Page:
Where to start? Some of us like to jump right in and starting fixing something. Others want to look at every angle and analyze the situation to figure out what needs to be done. The first often results in doing the wrong thing and needing to do it over. The latter often leads to analysis paralysis and nothing getting done. What if we all started with identifying the problem? From there, we can get moving while still taking the necessary time to make a plan. Let’s look at how to start with the problem rather than the solution.
Step 1: Stop, Look, & Listen
Whether you think it’s time for a website redesign or a new CMS, to set up a blog or Snapchat account, you need to consider why. When you take the time to look at what is really going on and compare that to what you want as an outcome, you can get to the problem rather than a preconceived solution. And then you are positioned for success. The most important thing to do at this stage is ask “Why?” A lot. Otherwise, you might be chasing the wrong solution.
Most of us don’t realize it, but we are solving bad problems. Bad problems focus on a task or a feature. Good problems focus on the experience. Stephen Anderson gives many examples of bad problems and how to get to the real problems in his talk Stop Doing What You Are Told. If you find yourself or your team trying to figure out how to build the “Uber for Ambulances” or are constantly chasing the latest request from the board or thinking about making a way to do a specific task (say, register for a conference), you are solving bad problems. If you are asking Why? a lot and defining outcomes, then you are solving good problems. Here are some examples.
Bad Problem: We need a new CMS so it’s easier for people to publish to the website. (“Solutioneering”)
Good Problem: Our CMS does not support our content publishing workflow.
Possible Result: Instead of a new CMS, you might need to change your workflow or make changes to your current CMS to support it properly (or both). Imagine how much money you’ll save by making updates to what you have rather than buying and implementing a new system!
Bad Problem: No one can find anything on the website. (“Amplifying the feedback”)
Good Problem: How can we make it easier for people to find membership rates on the website?
Possible Result: Doing a usability test to discover how people are looking for membership rates and adjusting the content and interface to meet visitor expectations. No need for a full redesign!
Only when you’ve taken the time to really understand what is going on can you start solving the right problem.
Step 2: Set a Course
Think about your last project. Do you know why you did it? What were the outcomes? Was it a success? What were the measures of success? If you’re like many, you have a hard time answering those questions.
Instead of jumping right in and getting started, take the time to create a roadmap. Just like going on a trip, you want to know where you’re going, the best way to get there, and how much money and time you’ll need for the journey. A project roadmap offers many benefits:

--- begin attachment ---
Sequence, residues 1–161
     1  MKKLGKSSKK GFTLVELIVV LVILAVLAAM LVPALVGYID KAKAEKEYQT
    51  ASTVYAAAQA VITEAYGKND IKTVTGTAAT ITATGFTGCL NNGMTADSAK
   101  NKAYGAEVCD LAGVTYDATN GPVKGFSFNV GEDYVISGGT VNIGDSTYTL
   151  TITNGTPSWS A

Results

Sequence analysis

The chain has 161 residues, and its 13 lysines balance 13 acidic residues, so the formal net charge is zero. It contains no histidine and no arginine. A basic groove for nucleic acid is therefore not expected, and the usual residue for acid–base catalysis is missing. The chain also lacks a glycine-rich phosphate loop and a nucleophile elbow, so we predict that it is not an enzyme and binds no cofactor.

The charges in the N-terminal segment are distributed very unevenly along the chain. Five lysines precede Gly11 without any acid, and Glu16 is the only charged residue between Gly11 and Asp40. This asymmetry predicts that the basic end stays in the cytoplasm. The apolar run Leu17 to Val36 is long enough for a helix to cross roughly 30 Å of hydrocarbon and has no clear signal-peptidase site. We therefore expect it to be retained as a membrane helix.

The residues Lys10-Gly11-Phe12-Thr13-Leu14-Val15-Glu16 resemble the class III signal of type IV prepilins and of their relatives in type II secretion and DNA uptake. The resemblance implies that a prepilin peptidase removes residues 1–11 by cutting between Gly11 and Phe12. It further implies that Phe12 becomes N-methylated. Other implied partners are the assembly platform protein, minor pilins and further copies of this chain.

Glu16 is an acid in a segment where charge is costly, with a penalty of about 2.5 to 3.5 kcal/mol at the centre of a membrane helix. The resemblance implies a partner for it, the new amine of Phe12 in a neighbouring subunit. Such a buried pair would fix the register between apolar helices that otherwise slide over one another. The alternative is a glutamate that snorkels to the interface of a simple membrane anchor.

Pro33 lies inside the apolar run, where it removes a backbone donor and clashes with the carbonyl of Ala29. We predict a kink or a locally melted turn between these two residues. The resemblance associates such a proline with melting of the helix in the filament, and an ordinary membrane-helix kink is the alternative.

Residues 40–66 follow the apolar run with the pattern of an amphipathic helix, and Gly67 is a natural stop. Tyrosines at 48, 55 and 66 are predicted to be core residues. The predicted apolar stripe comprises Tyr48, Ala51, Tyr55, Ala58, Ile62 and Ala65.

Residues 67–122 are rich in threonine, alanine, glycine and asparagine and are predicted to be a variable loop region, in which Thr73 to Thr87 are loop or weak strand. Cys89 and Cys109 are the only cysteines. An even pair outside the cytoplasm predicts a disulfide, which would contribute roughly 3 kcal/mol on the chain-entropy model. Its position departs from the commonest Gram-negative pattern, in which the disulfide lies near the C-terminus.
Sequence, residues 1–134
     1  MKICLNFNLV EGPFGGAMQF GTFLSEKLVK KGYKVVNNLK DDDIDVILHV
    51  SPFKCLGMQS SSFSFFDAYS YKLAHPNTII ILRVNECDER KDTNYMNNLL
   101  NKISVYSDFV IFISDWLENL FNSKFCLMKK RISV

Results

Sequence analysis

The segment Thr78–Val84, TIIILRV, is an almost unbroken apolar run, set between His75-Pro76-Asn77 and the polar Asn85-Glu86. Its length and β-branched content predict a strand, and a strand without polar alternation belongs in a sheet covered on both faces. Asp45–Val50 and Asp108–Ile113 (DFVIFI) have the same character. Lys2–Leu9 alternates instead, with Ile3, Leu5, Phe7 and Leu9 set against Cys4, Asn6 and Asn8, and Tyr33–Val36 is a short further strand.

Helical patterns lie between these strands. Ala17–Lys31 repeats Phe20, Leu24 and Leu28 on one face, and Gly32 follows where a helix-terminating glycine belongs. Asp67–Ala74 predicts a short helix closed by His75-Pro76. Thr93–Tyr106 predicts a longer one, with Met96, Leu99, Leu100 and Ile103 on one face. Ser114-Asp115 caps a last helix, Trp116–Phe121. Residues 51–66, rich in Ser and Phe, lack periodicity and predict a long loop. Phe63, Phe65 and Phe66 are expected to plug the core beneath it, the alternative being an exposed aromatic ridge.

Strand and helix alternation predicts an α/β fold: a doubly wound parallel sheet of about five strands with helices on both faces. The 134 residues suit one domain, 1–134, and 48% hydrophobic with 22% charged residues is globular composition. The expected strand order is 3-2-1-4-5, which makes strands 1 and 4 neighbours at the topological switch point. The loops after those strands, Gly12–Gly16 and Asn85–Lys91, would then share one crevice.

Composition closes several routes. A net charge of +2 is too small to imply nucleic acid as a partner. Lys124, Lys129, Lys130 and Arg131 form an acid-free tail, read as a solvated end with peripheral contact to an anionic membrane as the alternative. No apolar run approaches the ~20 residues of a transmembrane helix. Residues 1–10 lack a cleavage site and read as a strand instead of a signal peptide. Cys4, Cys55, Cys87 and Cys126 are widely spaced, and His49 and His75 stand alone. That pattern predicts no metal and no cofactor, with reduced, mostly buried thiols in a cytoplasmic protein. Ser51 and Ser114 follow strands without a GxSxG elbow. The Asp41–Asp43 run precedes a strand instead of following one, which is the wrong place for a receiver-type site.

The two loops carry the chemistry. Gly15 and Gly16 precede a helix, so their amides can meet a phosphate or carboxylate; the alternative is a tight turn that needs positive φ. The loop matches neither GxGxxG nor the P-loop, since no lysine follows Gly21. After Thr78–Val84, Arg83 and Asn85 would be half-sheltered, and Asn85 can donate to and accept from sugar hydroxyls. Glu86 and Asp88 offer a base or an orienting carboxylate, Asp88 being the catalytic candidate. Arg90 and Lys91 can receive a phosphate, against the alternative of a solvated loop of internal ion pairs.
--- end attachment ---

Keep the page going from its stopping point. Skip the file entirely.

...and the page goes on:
Getting rid of assumptions and false expectations
Setting priorities, budget, and timeline with knowledge instead of guesses
Gaining greater flexibility for your project or product
Potentially lowering the overall cost of the project or lifecycle
Lowering risk for the project, product, and business
It can be hard to take the time early to make a plan. But I’ve seen that, time and again, those who take the time to make a plan have smoother projects that are delivered on-time and on-budget with better outcomes. And with measurable goals set, you now know if you are successful.
Step 3: Move Ahead Cautiously
Your roadmap is a plan, not an exact prescription. There is room for side trips and pit stops or to redirect your project based on new information. Start with one thing, perhaps low-hanging fruit – high value, low risk – gets prioritized first. Success will create momentum to keep going. You will gain lessons learned to apply to future projects or steps.
Be sure to share and celebrate even small wins, as well as what you learn, with the rest of your organization. This is especially important when you are doing something differently than you’ve done it before. Others can learn from what you’ve done, and you’ll build credibility among your colleagues and managers.
Sometimes it is best to bring someone in from the outside to help you set a roadmap. Not only will they have no pre-conceived notions about how things work, they also will ask more questions. Additionally, they may be able to move you forward while your staff focuses on keeping things going. However you do it, do it differently. Be the one to ask questions. And don’t stop until you get to the real answer.
——– As principal strategist for Tanzen, Carrie Hane untangles content by aligning people, processes, and systems so organizations are ready for what’s next.